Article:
Auto industry sales climbed to a 15.9 million annualized pace, exceeding the 15.5 million median estimate of economists surveyed by Bloomberg. That’s the best monthly pace since 16.1 million in November 2007 and compares to 14.3 million a year earlier, according to data from Ward’s Automotive Group.
“We’re a little island of prosperity,” Hicks said. “We’re leading the country out of recession.”
Other manufacturers aren’t doing as well as the recovery struggles against crosscurrents. Growth is being restrained by weakness overseas and federal budget cuts that began in March.
On the other hand, today’s report also showed average hourly earnings rose 0.4 percent to $24.01 in June from the prior month. They were up 2.2 percent over the past 12 months.
“The improvement in employment and the improvement in wages suggest aggregate incomes are rising quite nicely,” said Neil Dutta, head of U.S. economics at Renaissance Macro Research LLC in New York, who projected a 190,000 gain in payrolls. “This sets the stage for a stronger second-half outlook for consumption.”
The payroll gains give Fed Chairman Ben S. Bernanke more reason to start trimming the bond purchases intended to spur the economy and lower unemployment.
Bernanke said last month the central bank may start tapering this year, if the economy meets its forecasts, and end the purchases around the middle of next year. He said he expects the jobless rate to be around 7 percent when the Fed stops.
“These data likely keep the Fed on the taper trail,” Tony Crescenzi, executive vice president at Pacific Investment Management Co. in Newport Beach, California, said in an interview on Bloomberg Radio with Tom Keene.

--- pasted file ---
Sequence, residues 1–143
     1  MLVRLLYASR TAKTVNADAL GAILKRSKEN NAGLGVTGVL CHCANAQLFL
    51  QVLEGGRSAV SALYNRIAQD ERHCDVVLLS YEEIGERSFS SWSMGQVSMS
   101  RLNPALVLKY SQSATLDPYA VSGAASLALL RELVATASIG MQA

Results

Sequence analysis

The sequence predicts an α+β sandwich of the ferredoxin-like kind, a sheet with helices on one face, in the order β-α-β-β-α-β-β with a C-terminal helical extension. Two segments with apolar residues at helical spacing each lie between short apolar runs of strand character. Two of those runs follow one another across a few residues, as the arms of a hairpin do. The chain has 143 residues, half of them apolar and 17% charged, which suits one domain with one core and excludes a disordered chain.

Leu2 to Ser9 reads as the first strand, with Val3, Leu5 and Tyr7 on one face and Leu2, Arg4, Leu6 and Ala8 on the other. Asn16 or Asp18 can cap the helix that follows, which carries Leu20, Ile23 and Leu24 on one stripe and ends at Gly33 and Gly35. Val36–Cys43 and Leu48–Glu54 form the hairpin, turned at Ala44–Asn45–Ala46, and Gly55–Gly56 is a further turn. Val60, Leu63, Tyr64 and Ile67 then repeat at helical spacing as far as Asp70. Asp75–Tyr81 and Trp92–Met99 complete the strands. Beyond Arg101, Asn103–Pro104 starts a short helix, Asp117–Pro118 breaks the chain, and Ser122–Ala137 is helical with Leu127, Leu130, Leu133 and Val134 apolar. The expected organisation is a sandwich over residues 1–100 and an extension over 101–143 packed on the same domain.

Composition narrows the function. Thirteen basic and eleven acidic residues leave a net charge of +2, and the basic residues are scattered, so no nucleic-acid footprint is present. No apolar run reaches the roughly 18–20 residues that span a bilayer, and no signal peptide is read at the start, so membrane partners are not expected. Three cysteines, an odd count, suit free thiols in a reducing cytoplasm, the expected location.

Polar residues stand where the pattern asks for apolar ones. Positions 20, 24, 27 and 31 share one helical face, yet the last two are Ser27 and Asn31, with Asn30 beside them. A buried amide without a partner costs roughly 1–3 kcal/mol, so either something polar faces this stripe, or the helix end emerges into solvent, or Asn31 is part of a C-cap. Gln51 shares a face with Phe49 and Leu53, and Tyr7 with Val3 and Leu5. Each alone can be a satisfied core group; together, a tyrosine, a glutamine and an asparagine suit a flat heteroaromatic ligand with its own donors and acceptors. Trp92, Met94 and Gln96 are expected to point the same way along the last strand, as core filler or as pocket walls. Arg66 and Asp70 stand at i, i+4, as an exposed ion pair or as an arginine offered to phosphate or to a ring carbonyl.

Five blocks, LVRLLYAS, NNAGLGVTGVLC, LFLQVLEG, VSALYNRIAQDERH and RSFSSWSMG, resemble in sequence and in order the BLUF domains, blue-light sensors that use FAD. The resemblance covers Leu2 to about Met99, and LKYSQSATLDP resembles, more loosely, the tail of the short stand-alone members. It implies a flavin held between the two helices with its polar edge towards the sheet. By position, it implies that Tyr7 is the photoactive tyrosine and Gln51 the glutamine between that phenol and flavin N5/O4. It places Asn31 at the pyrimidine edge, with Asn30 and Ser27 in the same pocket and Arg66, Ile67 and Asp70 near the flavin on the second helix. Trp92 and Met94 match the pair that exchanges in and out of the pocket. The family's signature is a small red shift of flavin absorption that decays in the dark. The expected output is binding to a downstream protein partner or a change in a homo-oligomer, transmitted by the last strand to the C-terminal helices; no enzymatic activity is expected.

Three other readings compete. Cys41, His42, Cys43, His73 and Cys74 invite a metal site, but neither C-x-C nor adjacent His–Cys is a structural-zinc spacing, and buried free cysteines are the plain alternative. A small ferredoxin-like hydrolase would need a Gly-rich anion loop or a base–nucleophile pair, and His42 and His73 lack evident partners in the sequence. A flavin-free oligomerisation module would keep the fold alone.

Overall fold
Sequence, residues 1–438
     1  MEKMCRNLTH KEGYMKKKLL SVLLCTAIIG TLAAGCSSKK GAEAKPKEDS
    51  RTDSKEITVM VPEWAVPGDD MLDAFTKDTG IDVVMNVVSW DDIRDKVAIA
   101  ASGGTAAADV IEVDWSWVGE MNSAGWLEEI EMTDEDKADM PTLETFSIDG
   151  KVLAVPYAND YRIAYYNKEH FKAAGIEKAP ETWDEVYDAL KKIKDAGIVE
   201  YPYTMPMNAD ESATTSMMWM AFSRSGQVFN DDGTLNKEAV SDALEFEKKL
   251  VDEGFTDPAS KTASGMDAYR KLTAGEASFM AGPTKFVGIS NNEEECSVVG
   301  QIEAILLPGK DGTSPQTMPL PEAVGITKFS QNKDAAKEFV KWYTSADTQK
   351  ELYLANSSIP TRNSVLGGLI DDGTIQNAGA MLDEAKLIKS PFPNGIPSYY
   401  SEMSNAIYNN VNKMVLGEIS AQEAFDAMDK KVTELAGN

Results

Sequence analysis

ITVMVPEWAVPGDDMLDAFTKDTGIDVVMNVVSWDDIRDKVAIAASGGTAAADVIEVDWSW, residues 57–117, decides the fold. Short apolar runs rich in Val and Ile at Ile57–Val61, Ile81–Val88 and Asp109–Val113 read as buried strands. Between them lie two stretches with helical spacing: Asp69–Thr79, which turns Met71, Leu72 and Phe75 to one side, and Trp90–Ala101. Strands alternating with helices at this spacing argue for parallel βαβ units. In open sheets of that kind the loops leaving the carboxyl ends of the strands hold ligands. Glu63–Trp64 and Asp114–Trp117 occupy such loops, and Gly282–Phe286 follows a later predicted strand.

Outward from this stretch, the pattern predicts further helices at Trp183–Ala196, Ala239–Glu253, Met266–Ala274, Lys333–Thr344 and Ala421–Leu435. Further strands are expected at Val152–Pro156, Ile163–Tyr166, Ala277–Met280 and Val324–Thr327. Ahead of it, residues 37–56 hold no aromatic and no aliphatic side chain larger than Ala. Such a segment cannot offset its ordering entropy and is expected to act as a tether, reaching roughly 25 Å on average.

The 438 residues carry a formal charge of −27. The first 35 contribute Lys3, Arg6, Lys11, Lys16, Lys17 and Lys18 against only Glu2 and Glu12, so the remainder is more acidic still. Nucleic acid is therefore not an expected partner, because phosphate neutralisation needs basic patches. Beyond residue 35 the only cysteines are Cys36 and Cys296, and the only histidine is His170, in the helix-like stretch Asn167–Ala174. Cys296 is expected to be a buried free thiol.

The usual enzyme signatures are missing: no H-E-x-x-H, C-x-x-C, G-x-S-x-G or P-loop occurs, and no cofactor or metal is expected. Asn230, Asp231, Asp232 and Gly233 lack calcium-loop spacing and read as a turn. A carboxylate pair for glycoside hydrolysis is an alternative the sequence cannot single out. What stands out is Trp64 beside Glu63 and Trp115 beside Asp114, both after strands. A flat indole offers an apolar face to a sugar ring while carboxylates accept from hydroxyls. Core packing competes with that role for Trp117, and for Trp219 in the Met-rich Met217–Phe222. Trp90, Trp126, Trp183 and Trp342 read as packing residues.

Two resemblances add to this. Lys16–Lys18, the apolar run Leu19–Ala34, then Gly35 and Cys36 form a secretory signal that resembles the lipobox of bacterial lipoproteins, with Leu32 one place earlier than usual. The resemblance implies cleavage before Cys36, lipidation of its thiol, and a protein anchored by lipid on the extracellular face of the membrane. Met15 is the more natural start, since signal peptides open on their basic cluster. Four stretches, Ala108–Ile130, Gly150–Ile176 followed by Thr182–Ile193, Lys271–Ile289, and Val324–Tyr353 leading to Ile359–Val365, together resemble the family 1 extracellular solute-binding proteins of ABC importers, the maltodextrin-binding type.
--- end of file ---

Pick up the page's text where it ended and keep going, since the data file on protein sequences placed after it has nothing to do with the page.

The household survey, used to calculate the unemployment rate, showed that more people entered the labor force and most of them were able to find work. The jobless rate in April fell to 7.5 percent, the lowest since December 2008.
Today’s report offered some reasons for caution. The number of part-time workers rose for the fourth month, to almost 28.1 million, from 27.7 million in May.
“Part-time employment has gone up over the last year, which is fine, but it does suggest to me there’s a lot of hesitation hiring full-time workers,” said John Silvia, chief economist at Wells Fargo Securities LLC in Charlotte, North Carolina. Silvia said.
What’s more, the leisure industry, which includes hotels and restaurants, and retailers accounted for more than half the job gains. Those industries tend to hire lower-paid workers.
The underemployment rate -- which includes part-time workers who’d prefer a full-time position and people who want to work but have given up looking -- rose to a four-month high of 14.3 percent in June from 13.8 percent the month before. The advance reflected increases in the number of discouraged workers and in working less than a full day.
Courtney Herlihy, 27, district manager at BeStyled, a chain of beauty salons based in Needham, Massachusetts, said she’s looking to hire 60 to 90 people in the next year, including receptionists and managers. She’s getting resumes from people with years of experience in medicine and finance.
“A lot of those people who have management experience are not finding jobs, so they’re applying in the beauty industry,” she said. “They’re having a hard time getting jobs in their previous field.”